If you adore elegant yet powerful red wines like Nebbiolo (Barolo), you’ll love Mount Etna wines from Sicily. Grown directly on the face of an active Volcano, Etna wines are nothing short of spectacular. Heroic winemaking in this unstable environment has persevered as long as Etna’s civilizations. You will understand the importance of terroir when you taste the ancient wines of Mount Etna.
Today, the volcano is home to 280+ wineries, covering 2,300 acres of land on three faces of the volcano. With vineyard elevations up to 3,000ft, grapes are equally stressed and nurtured by Etna’s climate. Notably, the sunlight reflected from the sea below helps combat the colder and windy conditions on the mountain. Combined with large temperature swings nightly, grapes slowly ripen over the growing season, achieving a more nuanced character.
Ranging from sandy soils to dark volcanic ash, Etna’s slopes also impart their own terroir into its dynamic wines. Additionally, these harsh soils protect the vines from pests like Phylloxera, which cannot survive them. Etna’s vines were thus spared from the devastating pest that ravaged the global wine industry in the 19th century. Subsequently, Etna is one of Italy’s few viticulture areas with old vines, upwards of 150 years.
A UNESCO site and Europe’s tallest active volcano, Mount Etna offers so much to wine lovers and adventure seekers alike. Situated just inland from charming Taormina, Etna is an ideal day trip during your Sicilian Yacht Charter.
Historic Wineries on Mount Etna
Winemaking on Etna dates back over three thousand years, with ancient wineries found standing from the 5th Century BC. While modern-day winemakers have built newer cellars, a walk through Etna’s hilly slopes reveals marvelous abandoned wineries of its past.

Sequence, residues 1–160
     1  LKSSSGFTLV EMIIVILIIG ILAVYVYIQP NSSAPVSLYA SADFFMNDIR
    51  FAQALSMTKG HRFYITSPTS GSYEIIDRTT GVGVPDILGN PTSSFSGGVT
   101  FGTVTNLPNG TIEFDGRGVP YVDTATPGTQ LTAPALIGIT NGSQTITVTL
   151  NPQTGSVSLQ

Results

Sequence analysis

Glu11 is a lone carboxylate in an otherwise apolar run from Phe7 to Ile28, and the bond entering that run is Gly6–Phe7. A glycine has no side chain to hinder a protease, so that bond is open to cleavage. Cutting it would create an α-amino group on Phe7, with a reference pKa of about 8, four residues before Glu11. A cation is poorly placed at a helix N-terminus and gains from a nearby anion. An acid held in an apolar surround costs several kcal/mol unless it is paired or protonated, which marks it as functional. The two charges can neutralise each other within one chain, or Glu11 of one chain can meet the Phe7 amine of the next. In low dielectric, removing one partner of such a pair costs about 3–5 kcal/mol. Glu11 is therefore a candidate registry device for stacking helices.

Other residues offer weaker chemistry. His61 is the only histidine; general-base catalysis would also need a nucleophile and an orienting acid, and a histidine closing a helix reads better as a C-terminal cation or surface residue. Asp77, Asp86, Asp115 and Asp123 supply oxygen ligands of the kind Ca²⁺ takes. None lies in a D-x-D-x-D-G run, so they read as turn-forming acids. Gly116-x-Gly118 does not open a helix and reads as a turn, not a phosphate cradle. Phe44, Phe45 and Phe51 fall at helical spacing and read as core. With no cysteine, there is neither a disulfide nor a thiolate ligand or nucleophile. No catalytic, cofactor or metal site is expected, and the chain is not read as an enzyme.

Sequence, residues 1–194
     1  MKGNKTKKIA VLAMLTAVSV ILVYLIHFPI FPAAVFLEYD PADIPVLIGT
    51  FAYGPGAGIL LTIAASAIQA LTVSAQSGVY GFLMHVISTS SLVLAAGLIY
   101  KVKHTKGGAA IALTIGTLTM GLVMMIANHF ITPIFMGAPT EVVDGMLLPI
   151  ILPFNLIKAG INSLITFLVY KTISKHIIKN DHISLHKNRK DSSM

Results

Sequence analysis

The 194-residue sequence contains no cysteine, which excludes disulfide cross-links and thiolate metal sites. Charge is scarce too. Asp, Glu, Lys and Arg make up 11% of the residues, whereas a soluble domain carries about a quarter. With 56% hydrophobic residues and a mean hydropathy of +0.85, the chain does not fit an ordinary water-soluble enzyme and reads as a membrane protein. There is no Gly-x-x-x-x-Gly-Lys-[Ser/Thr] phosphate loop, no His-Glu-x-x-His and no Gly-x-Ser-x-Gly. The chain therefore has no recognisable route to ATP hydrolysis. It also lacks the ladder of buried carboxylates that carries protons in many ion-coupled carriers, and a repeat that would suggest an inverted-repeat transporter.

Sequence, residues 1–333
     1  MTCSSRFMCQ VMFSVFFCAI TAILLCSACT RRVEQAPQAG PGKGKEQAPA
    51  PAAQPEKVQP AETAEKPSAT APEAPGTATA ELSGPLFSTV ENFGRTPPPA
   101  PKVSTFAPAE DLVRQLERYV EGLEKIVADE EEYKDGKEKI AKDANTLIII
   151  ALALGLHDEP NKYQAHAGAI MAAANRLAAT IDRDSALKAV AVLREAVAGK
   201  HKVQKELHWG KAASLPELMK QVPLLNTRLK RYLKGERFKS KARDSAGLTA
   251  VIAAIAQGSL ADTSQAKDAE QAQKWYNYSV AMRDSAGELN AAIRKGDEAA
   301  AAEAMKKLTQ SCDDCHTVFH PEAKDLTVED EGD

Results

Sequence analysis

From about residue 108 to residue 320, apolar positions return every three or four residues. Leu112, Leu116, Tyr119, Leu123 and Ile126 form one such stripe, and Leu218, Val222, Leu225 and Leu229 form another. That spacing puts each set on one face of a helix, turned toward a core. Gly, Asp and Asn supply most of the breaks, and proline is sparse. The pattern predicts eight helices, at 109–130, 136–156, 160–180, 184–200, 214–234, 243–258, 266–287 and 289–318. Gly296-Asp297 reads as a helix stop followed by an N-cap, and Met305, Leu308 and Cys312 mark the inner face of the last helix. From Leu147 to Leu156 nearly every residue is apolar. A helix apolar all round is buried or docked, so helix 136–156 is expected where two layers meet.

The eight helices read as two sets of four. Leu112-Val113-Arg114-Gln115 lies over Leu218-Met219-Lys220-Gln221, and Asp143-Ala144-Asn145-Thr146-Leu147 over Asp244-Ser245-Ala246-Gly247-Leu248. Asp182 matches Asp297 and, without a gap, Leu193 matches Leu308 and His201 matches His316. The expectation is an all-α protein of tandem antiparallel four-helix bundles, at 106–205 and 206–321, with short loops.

Built with lava stones, the multi-level wineries known as Palmentos used gravity to bring the juice from freshly stomped grapes down into fermentation basins below. Grindstones with giant oak levers further pressed the trodden grape skins to extract even more juice.
After fermentation, the wine channeled down to another level, before going into large wooden barrels for storage. Wisely, farmers surrounded their wine presses with thick stone walls to help regulate the temperature and protect the wine from the elements.
Fortunately, some Etna winemakers are painstakingly restoring and transforming Palmentos into Bed and Breakfasts, tasting rooms, museums, and event spaces. Inside, you can sometimes find ancient amphora clay vessels, once and still used to age and store wine.
Red Wine – Etna Rosso
Currently, nearly 90% of wines made on Etna are red, with rosé wines of the same grapes gaining more traction. Established as Sicily’s first DOC in 1968, the Etna denomination requires that reds bearing the name must contain a minimum of 80% Nerello Mascalase, and a maximum of 20% Nerello Cappuccio or a maximum of 10% other known grapes. Some winemakers of course choose to make 100% Nerello Mascalese too.
Etna’s star native grape, Nerello Mascalese is one of Italy’s powerhouse reds, alongside Nebbiolo, Aglianico, and Sangiovese, from Brunello di Montalcino. In alliance with its counterparts, premium Etna Rosso wines are refined and delicate, while also exuding strength and tannic structure. They express round red cherry fruits akin to Pinot Noir but also carry the herbs, spice, and long finish of Nebbiolo wines. They drink well young, but like most fine wines, get better with age.
Rose wines follow the same grape proportions and do a great job capturing the spirit of Nerello in a more subtle and refreshing way. With increased consumer demand, more Etna winemakers have been producing rose wines in addition to their flagship Rossos.
White Wine – Etna Bianco
Previously underappreciated, Etna’s white wines have been growing in popularity over the past few decades. Typically planted at higher elevations on the eastern or northern facing slopes, Etna’s whites can rival some of the best cool-climate wines.
Sicily’s native grape Carricante dominates the Etna Bianco blend at 60% minimum, with Cataratto comprising a maximum of 40%. Also permitted in the Bianco is the inclusion of up to 15% other known grapes. However, Etna Bianco Superiore wines must comprise at least 80% Carricante and 20% maximum other grapes.
The best examples of Carricante grow at high elevations, upwards of 2,500ft above sea level, especially near the town of Milo. Here, the cool temperatures help retain acidity and complex aromas. They are typically salty and herbaceous with lemon and notes of orange peel.
In fact, some compare Carricante, and subsequently Etna Bianco from the northern slopes to Riesling from Germany. As with Rieslings, Etna Bianco wines are very age-worthy and can evolve beautifully over time.
Check out our sample Sicilian Yacht Charter itineraries and take the opportunity to taste the ancient wines of Mount Etna at the source.